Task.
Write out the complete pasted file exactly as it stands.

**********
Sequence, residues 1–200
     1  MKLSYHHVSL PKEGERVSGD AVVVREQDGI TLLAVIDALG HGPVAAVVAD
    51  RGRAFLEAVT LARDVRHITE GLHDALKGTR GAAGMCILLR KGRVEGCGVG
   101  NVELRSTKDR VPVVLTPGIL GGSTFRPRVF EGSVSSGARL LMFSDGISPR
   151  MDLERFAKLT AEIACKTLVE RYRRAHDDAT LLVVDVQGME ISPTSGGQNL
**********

Sequence, residues 1–200
     1  MKLSYHHVSL PKEGERVSGD AVVVREQDGI TLLAVIDALG HGPVAAVVAD
    51  RGRAFLEAVT LARDVRHITE GLHDALKGTR GAAGMCILLR KGRVEGCGVG
   101  NVELRSTKDR VPVVLTPGIL GGSTFRPRVF EGSVSSGARL LMFSDGISPR
   151  MDLERFAKLT AEIACKTLVE RYRRAHDDAT LLVVDVQGME ISPTSGGQNL